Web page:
Center for Strategic Communication

by R. Bennett Furlow

Geert Wilders is a Dutch parliamentarian and head of the Party for Freedom (PVV).  He is also a very clear opponent of Islam.  Most critics of Islam are very careful to say that they oppose “radical Islam” or “Islamism” or “Islamic extremism,” but have no problem with the religion as a whole.  Not Wilders.  He has made it clear in no uncertain terms that he “hate[s] Islam.” He has compared the Qur’an to Mein Kampf, referred to Islam as fascist, and made a film, Fitna,(“discord” in Arabic), that juxtaposes passages from the Qur’an with images of 9/11, the Madrid bombings and other acts of terrorism.

Normally, unless their words lead directly to violence, advocates of hate can be dismissed.  Wilders gets a little more attention because he is an elected politician and is adept at using the media to promote himself and his beliefs.  Recently two things occurred that raised Wilders’ status.  First, he was banned from entering the United Kingdom.  This was seen by many (not just his supporters) as a violation of freedom of speech.  The ban was later overturned.  Second, Wilders was charged with violating hate speech laws in his native Netherlands.  Once again, Wilders is crying foul and saying his freedom of speech is being violated.  Wilders’ trial began January 20th.

The issue of Geert Wilders boils down to one of hate speech versus free speech.  Certainly one should be allowed to express one’s opinion freely and without fear of prosecution, but there are hate speech laws for a reason.  If Wilders’ intent is to bring about hostility toward a group (Muslims) then his speech is “hate speech” and the prosecution is justified.  If it is merely criticism, and not intended to cause harm to anyone then it is free speech and the prosecution is unjustified.  However, Wilders seems to want to make his trial not just about free speech but about Islam as well.  In a statement to the court Wilders said:

This trial is obviously about the freedom of speech.  But this trial is also about the process of establishing the truth.  Are the statements that I have made and the comparisons that I have taken, as cited in the summons, true?  If something is true then can it still be punishable?  This is why I urge you to not only submit to my request to hear witnesses and experts on the subject of freedom of speech.  But I ask you explicitly to honour my request to hear witnesses and experts on the subject of Islam.  I refer not only to Mister Jansen and Mister Admiraal, but also to the witness/experts from Israel, the United States, and the United Kingdom.  Without these witnesses, I cannot defend myself properly and, in  my opinion, this would not be a fair trial.

Among those Wilders wants to call as “experts” are Robert Spencer, Wafa Sultan and Andrew Bostom, all of whom are highly critical of Islam.

The Wilders case illustrates a larger problem in Dutch society, and potentially across Europe.  While approximately five percent of the Netherlands is Muslim, they are increasingly victims of prejudice and even persecution.  Filmmaker Theo Van Gogh was killed by a Dutch Muslim (of Moroccan decent) over his short film, Submission,which crudely criticized Islam’s treatment of women.  Ayaan Hirsi Ali, a native Somali and former Dutch parliamentarian went into seclusion for a period and has since had significant security because of her statements about Islam (she was the writer of Submission).  These acts have in turn lead to an increase in attacks against Muslims in the Netherlands, including the burning of a Muslim school among other acts of violence.  Muslims in the Netherlands have a very low voter turnout rate.  They tend to be insular and stay within their particular communities, causing them to identify more and more with their  religion and less with their ethnicity or nationality.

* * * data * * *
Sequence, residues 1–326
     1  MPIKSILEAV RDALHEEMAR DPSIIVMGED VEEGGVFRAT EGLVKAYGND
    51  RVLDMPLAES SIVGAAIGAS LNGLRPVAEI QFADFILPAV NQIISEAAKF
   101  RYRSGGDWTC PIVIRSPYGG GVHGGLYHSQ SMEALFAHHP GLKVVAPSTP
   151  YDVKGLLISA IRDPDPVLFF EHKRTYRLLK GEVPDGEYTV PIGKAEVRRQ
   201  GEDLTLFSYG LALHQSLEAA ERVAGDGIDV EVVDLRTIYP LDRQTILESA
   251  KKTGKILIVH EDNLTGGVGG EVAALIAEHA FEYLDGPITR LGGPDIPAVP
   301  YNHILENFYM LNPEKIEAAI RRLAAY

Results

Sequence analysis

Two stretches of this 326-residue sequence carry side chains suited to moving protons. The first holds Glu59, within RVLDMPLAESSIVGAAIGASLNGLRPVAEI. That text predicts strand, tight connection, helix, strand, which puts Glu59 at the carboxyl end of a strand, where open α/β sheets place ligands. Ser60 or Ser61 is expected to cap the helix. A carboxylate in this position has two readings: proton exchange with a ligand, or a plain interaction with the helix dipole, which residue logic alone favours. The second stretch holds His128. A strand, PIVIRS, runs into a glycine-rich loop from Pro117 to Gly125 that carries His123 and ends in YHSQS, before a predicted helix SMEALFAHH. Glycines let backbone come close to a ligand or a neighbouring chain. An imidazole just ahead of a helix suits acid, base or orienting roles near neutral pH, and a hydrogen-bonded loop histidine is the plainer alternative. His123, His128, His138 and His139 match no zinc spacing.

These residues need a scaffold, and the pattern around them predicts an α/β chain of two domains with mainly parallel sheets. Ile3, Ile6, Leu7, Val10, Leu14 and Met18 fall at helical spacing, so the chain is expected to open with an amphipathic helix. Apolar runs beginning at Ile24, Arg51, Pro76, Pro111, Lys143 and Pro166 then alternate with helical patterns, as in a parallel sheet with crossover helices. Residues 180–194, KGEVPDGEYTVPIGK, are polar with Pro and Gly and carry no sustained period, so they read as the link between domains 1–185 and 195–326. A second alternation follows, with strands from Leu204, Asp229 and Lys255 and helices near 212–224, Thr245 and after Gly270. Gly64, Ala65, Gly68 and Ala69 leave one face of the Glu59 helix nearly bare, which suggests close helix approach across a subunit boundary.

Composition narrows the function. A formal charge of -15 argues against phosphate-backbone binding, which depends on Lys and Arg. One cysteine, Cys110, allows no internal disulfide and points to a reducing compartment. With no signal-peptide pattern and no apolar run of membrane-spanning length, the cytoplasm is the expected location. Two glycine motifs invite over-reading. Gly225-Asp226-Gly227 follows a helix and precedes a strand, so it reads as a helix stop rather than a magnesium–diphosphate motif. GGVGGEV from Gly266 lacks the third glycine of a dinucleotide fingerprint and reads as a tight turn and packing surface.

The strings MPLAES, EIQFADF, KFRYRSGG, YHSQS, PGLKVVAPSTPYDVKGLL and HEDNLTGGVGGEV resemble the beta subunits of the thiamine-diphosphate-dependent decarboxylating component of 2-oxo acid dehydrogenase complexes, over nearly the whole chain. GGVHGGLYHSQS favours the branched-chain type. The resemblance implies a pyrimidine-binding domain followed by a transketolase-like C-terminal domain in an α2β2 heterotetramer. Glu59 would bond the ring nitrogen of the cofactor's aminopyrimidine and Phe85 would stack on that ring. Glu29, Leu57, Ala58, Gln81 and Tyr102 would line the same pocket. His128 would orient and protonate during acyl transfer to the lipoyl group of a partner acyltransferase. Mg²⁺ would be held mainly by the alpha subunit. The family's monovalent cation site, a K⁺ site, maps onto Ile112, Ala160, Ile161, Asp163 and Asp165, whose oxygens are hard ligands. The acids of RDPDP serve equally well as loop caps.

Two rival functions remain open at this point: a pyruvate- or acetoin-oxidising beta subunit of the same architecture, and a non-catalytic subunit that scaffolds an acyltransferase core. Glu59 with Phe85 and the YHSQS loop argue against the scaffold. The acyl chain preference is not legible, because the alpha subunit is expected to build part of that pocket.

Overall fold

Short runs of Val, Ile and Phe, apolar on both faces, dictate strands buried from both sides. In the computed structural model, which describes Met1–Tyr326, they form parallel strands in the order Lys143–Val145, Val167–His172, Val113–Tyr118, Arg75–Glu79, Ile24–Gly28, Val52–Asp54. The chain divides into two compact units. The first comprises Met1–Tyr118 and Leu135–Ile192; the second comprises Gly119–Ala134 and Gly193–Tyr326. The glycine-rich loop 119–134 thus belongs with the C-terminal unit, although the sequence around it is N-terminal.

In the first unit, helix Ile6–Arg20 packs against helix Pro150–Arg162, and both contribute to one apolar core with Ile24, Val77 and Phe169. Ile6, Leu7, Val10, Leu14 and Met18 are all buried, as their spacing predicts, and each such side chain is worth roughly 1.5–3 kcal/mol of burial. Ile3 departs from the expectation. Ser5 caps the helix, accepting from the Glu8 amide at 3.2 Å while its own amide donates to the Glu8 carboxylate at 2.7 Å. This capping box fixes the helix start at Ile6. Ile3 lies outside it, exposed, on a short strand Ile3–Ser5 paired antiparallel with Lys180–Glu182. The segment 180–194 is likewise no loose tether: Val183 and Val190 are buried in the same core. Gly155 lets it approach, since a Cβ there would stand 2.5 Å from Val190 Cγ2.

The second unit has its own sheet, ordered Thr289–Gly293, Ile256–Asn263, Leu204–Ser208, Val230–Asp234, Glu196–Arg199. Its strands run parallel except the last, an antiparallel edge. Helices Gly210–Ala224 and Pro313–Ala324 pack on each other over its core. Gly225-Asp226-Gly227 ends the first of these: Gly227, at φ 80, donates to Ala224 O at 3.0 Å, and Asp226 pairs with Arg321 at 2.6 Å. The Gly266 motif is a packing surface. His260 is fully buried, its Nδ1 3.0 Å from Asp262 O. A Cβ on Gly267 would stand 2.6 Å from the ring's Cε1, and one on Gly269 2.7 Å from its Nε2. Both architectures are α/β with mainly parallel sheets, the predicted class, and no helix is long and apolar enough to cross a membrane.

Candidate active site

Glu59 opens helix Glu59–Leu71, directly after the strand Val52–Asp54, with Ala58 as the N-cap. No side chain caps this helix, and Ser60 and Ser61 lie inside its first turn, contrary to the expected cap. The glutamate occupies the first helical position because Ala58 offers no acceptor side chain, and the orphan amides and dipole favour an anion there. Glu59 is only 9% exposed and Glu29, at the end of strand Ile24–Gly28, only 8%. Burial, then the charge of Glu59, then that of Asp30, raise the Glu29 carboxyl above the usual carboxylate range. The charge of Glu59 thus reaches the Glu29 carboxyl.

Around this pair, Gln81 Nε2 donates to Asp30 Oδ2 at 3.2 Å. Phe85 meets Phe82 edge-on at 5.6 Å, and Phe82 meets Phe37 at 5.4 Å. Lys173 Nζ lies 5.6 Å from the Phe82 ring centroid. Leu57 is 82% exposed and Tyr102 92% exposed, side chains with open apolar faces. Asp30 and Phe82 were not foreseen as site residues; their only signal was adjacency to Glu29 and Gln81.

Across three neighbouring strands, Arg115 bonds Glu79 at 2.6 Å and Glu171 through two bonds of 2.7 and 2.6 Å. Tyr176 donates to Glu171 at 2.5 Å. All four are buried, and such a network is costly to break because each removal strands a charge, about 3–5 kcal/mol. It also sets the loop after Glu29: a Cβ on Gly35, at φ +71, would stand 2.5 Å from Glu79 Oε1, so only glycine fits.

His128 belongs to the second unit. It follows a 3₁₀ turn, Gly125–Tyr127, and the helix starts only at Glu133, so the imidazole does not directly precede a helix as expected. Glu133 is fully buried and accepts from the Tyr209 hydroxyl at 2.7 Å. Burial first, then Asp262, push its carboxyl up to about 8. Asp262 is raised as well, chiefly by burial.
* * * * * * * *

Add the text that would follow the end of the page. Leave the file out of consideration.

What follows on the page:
A pattern has developed over the past ten years or so that goes as follows: A prominent non-Muslim figure speaks out against Islam, a Muslim reacts, sometimes violently, leading to more statements and actions against Islam, again a Muslim reacts, and so on.  All the while the Muslim community begins to turn further inward and embraces the status of a marginalized outsider.  The alienation of the Muslim community will obviously only create more strife and tension.  If this pattern continues, things will only get worse in the Netherlands, for both Muslim and non-Muslim alike.

The real issue in the Wilders case is one of motivation.  What is the purpose of his statements?  What is the strategic goal of this level of discourse?  Osama Bin Laden, Ayman Al-Zawahiri and others use language like “infidel”, “crusader” and “apostate” to define their enemy in terms of “otherness.”  Once the designated (often abstract) enemy is seen as a violent oppressor it is easier to recruit followers and continue the cycle of violence, or so the theory goes.

Wilders seems to be the flip side of the coin.  His statements are attempts to define Islam not just in negative terms, but as a threat that should be met with violence.  He seems to desire a “clash of civilizations” much like Bin Laden.  Otherwise what is the point of his speech?  Obviously there is not going to be a mass exodus of Muslims from the Netherlands, nor are they going to convert to Christianity en masse.  So if violence is not the point, what is?

When a Muslim extremist commits an act of violence, many in the West call on extremist Muslim preachers to be held accountable for their inflammatory rhetoric.  This trial is the Dutch people calling Wilders out.  If his language is something beneficial to the people of the Netherlands, then he and others like him need to prove it by clarifying their goals.  Otherwise they are doing nothing but furthering the cycle of animosity and violence.